I get emails and phone calls on a regular basis from pastors and lay people who are searching for a children’s pastor. Immediately, my heart sinks, because I know what the next question is going to be: “Do you have any names of people we could contact and possibly interview?” Most of the time I have no name to offer them. And, why is that?
There are some unique characteristics that go along with finding a children’s pastor.
- Typically, it’s not the greatest paying job. (Just being realistic here.) You don’t find many people who like the idea of relocating their family for a job that doesn’t pay well.
- Many children’s ministry positions are part-time, especially if a church is adding this staff person for the first time.
- A high percentage of children’s pastors/directors are not the main breadwinners in the family. To relocate would mean that the main breadwinner would have to find a new job in their particular field to support the family. In our present economy, that’s not an easy task.
- Higher education is not preparing ministers for children’s ministry. Very, very few Christian colleges have degrees in children’s ministry. Many that say they address this ministry do so with one or two classes included under a general ministry degree. I’m glad that we’re seeing more schools provide children’s ministry education, but they’re not doing it at a rate anywhere close to keeping up with the demand.
There are several organizations and companies that provide help in connecting churches with a possible staff person—some specifically for children’s ministry—and they do a great job. I always respond to an inquiry by recommending they contact one of these groups as a first option, because the companies gather information and do the preliminary search for a good match. But, the fact is that there are more churches wanting to fill the position than there are qualified people. So, what can a church do in order to find a children’s pastor? The answer may be right under your nose. Grow your own!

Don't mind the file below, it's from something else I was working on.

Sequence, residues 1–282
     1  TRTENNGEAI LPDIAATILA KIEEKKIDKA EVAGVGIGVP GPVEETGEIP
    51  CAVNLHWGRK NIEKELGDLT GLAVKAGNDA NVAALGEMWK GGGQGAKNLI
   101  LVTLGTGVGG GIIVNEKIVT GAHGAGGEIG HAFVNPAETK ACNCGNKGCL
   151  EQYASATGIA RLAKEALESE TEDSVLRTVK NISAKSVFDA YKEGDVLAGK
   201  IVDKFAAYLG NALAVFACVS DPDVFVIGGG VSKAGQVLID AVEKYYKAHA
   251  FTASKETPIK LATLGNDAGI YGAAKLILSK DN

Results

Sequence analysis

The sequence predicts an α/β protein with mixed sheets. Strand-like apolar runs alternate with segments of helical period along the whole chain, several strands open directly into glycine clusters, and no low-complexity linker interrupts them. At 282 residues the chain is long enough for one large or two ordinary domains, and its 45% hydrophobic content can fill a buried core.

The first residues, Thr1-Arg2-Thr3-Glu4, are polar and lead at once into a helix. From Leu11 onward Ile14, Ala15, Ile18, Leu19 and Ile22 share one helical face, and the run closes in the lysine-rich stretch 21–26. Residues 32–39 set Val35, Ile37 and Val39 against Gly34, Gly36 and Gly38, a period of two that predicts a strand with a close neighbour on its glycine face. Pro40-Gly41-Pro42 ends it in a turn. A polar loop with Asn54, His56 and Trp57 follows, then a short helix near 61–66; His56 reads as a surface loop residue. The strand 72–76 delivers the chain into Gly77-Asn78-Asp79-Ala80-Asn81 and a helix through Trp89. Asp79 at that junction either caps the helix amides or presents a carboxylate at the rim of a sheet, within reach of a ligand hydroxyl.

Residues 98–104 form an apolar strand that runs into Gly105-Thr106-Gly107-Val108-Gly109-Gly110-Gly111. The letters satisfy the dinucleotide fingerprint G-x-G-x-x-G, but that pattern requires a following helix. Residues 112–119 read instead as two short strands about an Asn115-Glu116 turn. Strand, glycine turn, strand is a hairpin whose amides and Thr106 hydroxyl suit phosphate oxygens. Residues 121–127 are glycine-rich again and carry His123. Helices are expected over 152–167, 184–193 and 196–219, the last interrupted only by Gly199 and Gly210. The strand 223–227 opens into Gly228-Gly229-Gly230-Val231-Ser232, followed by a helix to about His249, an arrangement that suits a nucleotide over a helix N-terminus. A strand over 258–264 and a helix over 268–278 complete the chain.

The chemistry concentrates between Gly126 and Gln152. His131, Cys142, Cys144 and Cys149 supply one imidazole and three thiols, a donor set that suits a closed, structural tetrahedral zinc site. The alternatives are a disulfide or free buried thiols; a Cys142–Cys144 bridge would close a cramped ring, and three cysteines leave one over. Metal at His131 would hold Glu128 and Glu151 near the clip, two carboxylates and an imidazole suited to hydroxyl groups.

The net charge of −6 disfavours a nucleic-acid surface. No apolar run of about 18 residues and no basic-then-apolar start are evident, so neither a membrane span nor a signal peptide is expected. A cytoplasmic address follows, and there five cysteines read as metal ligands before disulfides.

Our son was a swimmer and often at a swim meet we saw a bumper sticker, t-shirt, or a banner that said, “I’m a swimmer. Just add water.” There may already be someone in your congregation who “is a children’s pastor”, but they need someone to “just add” to them. Is there someone who gets exceptional joy from seeing kids awaken to the truth of God’s Word? Is there someone who is open to new ideas, has a knack with people, receives feedback well, is growing spiritually on their own and gets excited easily? The rest can be learned. You don’t necessarily need to look for someone who has a degree in child development, is ordained, and has 10 years of experience. Just add water and grow your own children’s pastor!
If you do decide to grow your own, there needs to be a sincere commitment on the part of both the church and the person you are recruiting. The church must understand that this person has a lot to learn and the budget should reflect that. The person the church is investing in must commit time and energy with the understanding this is for the long-term. They will be educated in children’s ministry while they are simultaneously pouring into the ministry. It’s learn-as-you-go, on-the-job training.
The Church’s Commitment
Let’s look at the church’s commitment. In addition to the salary package, there are two main financial investments: conferences and mentoring. There are all kinds of children’s ministry conferences available now. Regional and national. Denominational and independent. Curriculum-specific and general. As part of the grow-your-own process, the church needs to provide funds so that this person can attend multiple conferences, especially in the first two years. The first conference they attend should be a general in nature with lots of workshop options and an exhibit hall that displays resources from a variety of publishers. The objective is to get a glimpse of all that is available. If the first conference they attend is organized around one specific philosophy of ministry or one particular curriculum, it’s easy for a novice to think this is the only way to approach children’s ministry. More specific conferences can most certainly come later when they’ve learned how to determine what is best for their church’s ministry. Going to a conference is not a vacation, so the church should not treat it as such. In fact, after attending a conference and being away from family 24/7 for the majority of a week, many churches give an extra day off.